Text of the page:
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GIPF will be able to meet obligations despite COVID-19: Nikanor

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GIPF Acting Chief Executive Officer, Desmond Nikanor has given his reassurance that no matter how long the COVID-19 pandemic lasts or the impact it has on the market, GIPF will still be able to meet its maturing obligations. In a […]

GIPF Acting Chief Executive Officer, Desmond Nikanor has given his reassurance that no matter how long the COVID-19 pandemic lasts or the impact it has on the market, GIPF will still be able to meet its maturing obligations.

In a recent interview with Nampa, Nikanor said the Government Institutions Pension Fund has long-term investments that allow them to withstand market shocks such as the one brought on by COVID-19.

GIPF’s recent financial report stated that the fund’s investments dropped from N.dollars 117.5 billion in April 2019 to N.dollars 108.5 billion by March 2020. The report said this was due to instabilities being experienced on regional and international stock markets mainly due to the impact of COVID-19.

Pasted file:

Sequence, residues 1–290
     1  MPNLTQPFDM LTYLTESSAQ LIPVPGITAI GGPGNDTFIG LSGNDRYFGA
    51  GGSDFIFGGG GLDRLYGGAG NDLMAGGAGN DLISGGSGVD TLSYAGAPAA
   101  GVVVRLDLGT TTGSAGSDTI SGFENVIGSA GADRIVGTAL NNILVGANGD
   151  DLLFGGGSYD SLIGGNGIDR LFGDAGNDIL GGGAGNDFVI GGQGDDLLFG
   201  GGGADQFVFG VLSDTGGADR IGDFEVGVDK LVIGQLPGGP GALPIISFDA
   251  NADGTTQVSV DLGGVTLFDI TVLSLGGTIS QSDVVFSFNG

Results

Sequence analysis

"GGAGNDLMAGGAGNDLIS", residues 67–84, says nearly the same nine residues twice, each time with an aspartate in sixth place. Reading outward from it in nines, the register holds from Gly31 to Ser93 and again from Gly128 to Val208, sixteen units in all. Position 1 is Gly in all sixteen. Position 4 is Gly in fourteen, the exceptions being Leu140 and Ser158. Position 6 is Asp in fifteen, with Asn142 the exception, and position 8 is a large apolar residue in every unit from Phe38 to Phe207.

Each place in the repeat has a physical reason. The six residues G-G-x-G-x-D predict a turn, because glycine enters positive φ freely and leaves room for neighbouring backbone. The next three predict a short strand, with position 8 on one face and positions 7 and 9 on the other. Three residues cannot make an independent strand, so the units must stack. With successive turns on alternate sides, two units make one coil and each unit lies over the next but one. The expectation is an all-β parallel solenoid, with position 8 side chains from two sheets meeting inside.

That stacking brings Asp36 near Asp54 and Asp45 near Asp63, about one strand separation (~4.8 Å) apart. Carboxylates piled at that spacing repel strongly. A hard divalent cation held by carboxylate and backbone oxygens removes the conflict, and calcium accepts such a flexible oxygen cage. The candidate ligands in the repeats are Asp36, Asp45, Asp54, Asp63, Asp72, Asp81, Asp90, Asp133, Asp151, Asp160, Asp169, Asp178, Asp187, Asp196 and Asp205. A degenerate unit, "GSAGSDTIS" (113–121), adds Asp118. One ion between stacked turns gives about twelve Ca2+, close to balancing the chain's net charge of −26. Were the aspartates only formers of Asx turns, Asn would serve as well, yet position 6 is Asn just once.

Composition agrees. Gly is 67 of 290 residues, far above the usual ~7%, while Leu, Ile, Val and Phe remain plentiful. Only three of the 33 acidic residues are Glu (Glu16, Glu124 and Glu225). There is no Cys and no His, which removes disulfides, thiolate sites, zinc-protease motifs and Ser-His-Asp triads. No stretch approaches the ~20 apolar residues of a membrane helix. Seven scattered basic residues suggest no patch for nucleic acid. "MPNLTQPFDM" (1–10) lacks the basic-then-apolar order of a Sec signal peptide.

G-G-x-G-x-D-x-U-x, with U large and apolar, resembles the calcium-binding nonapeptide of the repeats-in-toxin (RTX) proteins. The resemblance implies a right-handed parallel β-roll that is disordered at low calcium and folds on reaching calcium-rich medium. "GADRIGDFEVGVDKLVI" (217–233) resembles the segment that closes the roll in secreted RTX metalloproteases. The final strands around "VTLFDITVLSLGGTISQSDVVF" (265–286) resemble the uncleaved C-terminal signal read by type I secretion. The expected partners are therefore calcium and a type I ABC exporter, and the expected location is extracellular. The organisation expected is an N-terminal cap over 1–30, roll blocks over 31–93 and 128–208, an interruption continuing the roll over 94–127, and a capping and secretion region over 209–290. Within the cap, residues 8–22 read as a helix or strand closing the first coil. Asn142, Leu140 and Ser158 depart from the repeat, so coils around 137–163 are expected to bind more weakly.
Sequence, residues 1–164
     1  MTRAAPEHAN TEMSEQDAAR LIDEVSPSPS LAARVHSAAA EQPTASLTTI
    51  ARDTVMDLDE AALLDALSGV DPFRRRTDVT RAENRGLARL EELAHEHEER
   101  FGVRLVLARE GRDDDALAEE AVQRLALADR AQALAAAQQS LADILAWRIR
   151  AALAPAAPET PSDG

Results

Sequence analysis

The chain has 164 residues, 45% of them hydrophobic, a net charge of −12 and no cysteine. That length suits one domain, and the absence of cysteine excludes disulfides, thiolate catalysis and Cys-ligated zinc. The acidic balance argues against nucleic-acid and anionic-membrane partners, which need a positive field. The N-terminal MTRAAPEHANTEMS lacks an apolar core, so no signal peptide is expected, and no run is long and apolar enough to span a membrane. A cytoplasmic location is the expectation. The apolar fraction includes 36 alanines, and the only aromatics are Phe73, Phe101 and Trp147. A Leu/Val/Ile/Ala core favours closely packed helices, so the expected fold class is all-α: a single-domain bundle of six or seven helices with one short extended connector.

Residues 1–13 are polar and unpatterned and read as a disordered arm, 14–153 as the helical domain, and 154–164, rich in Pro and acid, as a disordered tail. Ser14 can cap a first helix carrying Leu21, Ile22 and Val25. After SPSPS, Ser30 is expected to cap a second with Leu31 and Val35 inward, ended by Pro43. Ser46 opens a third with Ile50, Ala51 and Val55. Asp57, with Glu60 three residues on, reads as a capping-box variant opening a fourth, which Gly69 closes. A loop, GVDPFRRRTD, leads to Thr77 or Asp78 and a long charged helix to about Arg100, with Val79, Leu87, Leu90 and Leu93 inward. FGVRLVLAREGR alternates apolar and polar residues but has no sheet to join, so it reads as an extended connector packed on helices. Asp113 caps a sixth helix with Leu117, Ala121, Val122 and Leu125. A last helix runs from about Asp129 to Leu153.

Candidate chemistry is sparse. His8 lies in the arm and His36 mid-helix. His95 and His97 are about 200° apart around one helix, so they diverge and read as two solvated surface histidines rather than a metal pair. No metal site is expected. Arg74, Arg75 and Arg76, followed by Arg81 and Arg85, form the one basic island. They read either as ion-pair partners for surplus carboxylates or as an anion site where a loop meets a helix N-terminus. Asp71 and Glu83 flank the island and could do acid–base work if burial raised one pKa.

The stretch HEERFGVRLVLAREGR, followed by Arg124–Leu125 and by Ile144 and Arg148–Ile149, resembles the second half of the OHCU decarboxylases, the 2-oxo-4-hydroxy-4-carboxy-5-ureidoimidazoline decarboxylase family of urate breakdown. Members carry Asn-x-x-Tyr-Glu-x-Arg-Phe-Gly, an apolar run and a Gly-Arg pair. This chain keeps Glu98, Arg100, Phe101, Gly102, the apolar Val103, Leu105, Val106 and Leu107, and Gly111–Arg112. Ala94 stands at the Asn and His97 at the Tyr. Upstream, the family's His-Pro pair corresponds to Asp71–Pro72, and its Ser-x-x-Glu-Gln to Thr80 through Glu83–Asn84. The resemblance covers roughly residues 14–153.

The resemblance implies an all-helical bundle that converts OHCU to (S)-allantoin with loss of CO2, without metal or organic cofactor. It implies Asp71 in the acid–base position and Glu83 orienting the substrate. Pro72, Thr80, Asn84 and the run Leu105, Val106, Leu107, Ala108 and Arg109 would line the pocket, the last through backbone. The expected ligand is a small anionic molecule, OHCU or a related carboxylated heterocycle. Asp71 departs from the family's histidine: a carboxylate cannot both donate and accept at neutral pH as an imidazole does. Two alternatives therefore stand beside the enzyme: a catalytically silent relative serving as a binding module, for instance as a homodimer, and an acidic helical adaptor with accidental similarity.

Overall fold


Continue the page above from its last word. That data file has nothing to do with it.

“I can assure that people’s investments are safe, the fund is healthy. Because we plan long-term, we are set up in a way that our diverse investments allow the fund to withstand incidental drops in the market without affecting our ability to meet our obligations. In simpler terms, I am saying we have many diverse and long-term investments that have proven with time that we can withstand things like a dip in the market,” Nikanor said.

He explained that the loss in investment that they recorded during the 2019/20 financial year was not physical money that was lost, but was a decline in the fund’s asset value due to a dip in the global stock market which has since recovered.

Nikanor said the unrealised loss happened when the market shrank in the first three months of the year due to the panic caused by the COVID-19 pandemic and the further shutdown of business that was imposed by most countries in March.

He said GIPF made significant gains since March 2020 which brought the fund’s asset base to N.dollars 125.4 billion as of November 2020.

Economist Mally Likukela said although the loss directly impacts GIPF clients who expect their investment to grow, N.dollars 9 billion is not significant to an institution like GIPF which has huge investment portfolios.

“But if the pandemic persists and the market continues to shrink, that would be a concern because it will eat into their investments as well as their technical reserves which are supposed to cover short-term shortfalls,” he said.

By the end of March, the fund had 101 764 active members, 39 504 active pensioners, and 22 190 inactive pensioners. They also had more than 42 unlisted investments in different companies.

Source: Namibia Press Agency

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